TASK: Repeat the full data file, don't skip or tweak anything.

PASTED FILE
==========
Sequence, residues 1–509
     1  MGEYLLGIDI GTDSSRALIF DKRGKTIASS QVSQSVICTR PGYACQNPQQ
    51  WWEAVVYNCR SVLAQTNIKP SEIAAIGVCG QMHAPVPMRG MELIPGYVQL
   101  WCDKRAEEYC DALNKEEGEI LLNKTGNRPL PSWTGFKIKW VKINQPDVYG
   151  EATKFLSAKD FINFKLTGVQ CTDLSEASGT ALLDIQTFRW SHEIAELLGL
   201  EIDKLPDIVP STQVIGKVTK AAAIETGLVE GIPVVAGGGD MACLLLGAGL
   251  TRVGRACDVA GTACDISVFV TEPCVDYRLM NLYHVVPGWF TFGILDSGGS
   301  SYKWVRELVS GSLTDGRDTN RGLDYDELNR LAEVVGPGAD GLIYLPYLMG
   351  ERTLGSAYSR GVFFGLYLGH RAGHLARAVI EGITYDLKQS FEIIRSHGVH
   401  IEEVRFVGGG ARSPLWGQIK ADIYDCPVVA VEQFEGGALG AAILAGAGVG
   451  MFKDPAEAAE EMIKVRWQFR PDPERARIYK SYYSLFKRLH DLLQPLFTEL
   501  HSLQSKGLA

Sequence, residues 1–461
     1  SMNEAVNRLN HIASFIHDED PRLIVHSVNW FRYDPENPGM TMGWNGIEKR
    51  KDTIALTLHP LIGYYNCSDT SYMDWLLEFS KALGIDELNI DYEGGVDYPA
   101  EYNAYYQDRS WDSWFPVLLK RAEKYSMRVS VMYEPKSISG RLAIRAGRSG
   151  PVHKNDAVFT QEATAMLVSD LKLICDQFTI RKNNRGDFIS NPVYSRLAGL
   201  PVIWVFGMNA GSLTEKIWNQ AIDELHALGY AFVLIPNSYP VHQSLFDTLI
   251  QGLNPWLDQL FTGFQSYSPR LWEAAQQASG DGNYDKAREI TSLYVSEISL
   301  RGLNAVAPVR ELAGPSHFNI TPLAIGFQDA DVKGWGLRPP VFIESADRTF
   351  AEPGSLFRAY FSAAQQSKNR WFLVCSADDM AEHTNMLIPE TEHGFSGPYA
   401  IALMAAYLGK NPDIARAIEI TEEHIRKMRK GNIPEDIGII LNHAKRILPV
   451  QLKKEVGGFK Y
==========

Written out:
Sequence, residues 1–509
     1  MGEYLLGIDI GTDSSRALIF DKRGKTIASS QVSQSVICTR PGYACQNPQQ
    51  WWEAVVYNCR SVLAQTNIKP SEIAAIGVCG QMHAPVPMRG MELIPGYVQL
   101  WCDKRAEEYC DALNKEEGEI LLNKTGNRPL PSWTGFKIKW VKINQPDVYG
   151  EATKFLSAKD FINFKLTGVQ CTDLSEASGT ALLDIQTFRW SHEIAELLGL
   201  EIDKLPDIVP STQVIGKVTK AAAIETGLVE GIPVVAGGGD MACLLLGAGL
   251  TRVGRACDVA GTACDISVFV TEPCVDYRLM NLYHVVPGWF TFGILDSGGS
   301  SYKWVRELVS GSLTDGRDTN RGLDYDELNR LAEVVGPGAD GLIYLPYLMG
   351  ERTLGSAYSR GVFFGLYLGH RAGHLARAVI EGITYDLKQS FEIIRSHGVH
   401  IEEVRFVGGG ARSPLWGQIK ADIYDCPVVA VEQFEGGALG AAILAGAGVG
   451  MFKDPAEAAE EMIKVRWQFR PDPERARIYK SYYSLFKRLH DLLQPLFTEL
   501  HSLQSKGLA

Sequence, residues 1–461
     1  SMNEAVNRLN HIASFIHDED PRLIVHSVNW FRYDPENPGM TMGWNGIEKR
    51  KDTIALTLHP LIGYYNCSDT SYMDWLLEFS KALGIDELNI DYEGGVDYPA
   101  EYNAYYQDRS WDSWFPVLLK RAEKYSMRVS VMYEPKSISG RLAIRAGRSG
   151  PVHKNDAVFT QEATAMLVSD LKLICDQFTI RKNNRGDFIS NPVYSRLAGL
   201  PVIWVFGMNA GSLTEKIWNQ AIDELHALGY AFVLIPNSYP VHQSLFDTLI
   251  QGLNPWLDQL FTGFQSYSPR LWEAAQQASG DGNYDKAREI TSLYVSEISL
   301  RGLNAVAPVR ELAGPSHFNI TPLAIGFQDA DVKGWGLRPP VFIESADRTF
   351  AEPGSLFRAY FSAAQQSKNR WFLVCSADDM AEHTNMLIPE TEHGFSGPYA
   401  IALMAAYLGK NPDIARAIEI TEEHIRKMRK GNIPEDIGII LNHAKRILPV
   451  QLKKEVGGFK Y